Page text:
To any other person living on July 8, 1839, it may have seen like any other day. Perhaps that day in Richmond, New York it was sunny, or maybe it rained. Whatever the case, the weather on that day could not possibly have been more inconsequential compared to what was happening in the Rockefeller household. William Rockefeller and his wife Eliza were expecting their second child, a son they would name John. William, already living a vagabond lifestyle and rarely visiting his family by the time of John’s birth, would prove to be a far from ideal father. And so John grew up in a home where his mother taught him thriftiness and struggled to keep stability, and on the occasions he saw his father, was taught to always “trade dishes for platters”. In other words, John learned early on to be frugal and always get the better part of any deal. Biographer Allan Nuvins said that “beyond question, early adversity did much to mold and toughen John’s character” (Nuvins 49).
Skipping forward about 50 years, the Standard Oil Company which Rockefeller founded has become nothing short of a force to be reckoned with. Having absorbed dozens of competitors in not only oil production but also in transportation, Standard Oil was in charge of well over 90% of oil refining in the United States. During four months in 1872 Standard Oil absorbed 22 of the competitor companies in Cleveland, one of the top oil producing regions of the time (Nuvins 363). Such rapid expansion of this massive corporation made it quite difficult to manage, and so around 1882 the Standard Oil Trust was created. This idea of a “trust” meant that one massive blanket corporation would be in charge of the dozens of smaller corporations and made up Standard...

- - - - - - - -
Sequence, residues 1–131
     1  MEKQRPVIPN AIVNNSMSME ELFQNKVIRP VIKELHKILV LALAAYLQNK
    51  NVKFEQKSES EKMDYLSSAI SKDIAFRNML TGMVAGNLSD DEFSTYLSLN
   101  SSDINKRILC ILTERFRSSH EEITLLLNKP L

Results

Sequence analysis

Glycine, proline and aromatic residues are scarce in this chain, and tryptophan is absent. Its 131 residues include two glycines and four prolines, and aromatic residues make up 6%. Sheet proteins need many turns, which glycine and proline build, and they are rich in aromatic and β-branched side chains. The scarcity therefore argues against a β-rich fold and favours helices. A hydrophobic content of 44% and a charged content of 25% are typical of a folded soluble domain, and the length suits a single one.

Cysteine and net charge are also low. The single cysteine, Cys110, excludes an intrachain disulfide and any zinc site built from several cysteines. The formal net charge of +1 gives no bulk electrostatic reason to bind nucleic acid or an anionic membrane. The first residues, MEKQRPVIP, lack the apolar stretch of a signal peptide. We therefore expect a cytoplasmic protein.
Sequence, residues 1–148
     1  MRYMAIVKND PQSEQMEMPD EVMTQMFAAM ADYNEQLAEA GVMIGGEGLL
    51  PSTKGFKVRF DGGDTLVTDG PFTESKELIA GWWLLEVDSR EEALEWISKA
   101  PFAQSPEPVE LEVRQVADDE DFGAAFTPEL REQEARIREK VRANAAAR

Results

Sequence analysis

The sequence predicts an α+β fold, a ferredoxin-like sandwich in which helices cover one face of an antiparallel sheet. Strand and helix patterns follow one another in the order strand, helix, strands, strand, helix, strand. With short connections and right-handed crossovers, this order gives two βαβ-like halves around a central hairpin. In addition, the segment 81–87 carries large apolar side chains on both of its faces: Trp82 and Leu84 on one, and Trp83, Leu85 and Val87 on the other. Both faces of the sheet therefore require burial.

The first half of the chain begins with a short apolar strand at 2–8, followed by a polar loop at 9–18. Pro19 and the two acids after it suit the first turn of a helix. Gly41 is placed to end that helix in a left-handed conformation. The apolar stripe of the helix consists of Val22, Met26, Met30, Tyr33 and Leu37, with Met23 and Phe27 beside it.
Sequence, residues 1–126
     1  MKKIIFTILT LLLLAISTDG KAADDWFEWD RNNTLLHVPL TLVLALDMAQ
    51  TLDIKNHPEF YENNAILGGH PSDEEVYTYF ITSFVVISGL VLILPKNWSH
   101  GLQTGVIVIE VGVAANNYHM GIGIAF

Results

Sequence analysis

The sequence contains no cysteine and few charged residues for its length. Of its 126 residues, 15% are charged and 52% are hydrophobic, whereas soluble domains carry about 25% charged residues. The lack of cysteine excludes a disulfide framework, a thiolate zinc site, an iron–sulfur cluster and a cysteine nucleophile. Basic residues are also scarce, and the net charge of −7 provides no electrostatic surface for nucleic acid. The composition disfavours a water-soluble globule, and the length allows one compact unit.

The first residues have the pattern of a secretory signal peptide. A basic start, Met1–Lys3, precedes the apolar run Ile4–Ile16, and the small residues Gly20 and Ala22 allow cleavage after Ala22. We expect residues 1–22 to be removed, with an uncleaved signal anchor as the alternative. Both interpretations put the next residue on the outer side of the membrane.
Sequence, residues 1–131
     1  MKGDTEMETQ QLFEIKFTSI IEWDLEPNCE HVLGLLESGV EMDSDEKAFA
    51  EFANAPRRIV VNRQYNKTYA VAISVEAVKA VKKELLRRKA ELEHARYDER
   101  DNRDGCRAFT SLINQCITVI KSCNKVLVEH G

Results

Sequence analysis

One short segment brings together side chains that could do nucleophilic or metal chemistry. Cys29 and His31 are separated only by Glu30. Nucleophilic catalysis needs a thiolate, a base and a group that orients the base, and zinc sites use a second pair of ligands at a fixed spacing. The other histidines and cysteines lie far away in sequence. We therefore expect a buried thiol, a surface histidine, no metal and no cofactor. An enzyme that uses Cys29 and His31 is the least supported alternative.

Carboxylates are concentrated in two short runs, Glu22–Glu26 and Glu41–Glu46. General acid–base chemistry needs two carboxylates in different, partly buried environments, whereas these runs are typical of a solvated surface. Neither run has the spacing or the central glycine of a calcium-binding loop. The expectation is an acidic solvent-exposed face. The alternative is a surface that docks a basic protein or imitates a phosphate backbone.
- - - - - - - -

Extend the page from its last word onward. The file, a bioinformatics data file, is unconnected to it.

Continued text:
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...derbilt and Carnegie and eventually leading to a new era of American governmental policies on business and monopolies. His massive fortune would be shared with the people, and through his philanthropy new frontiers of medical science, public health, education, and civil rights would be breached. His influence was truly felt worldwide, and it might even confidently be said that no man like him will ever be born again.
1. Abels, Jules. The Rockefeller Millions. London: Frederick Muller, 1967. Print.
2. Latham, Earl. Robber Baron or Industrial Statesman? Boston: D.C. Heath and, 1949. Print.
3. Nevins, Allan. John D. Rockefeller: The Heroic Age of American Enterprise. New York: Scribner, 1940. Print
4. Nevins, Allan. Study in Power: John D. Rockefeller, Industrialist and Philanthropist. New York: Scribner, 1953. Print.
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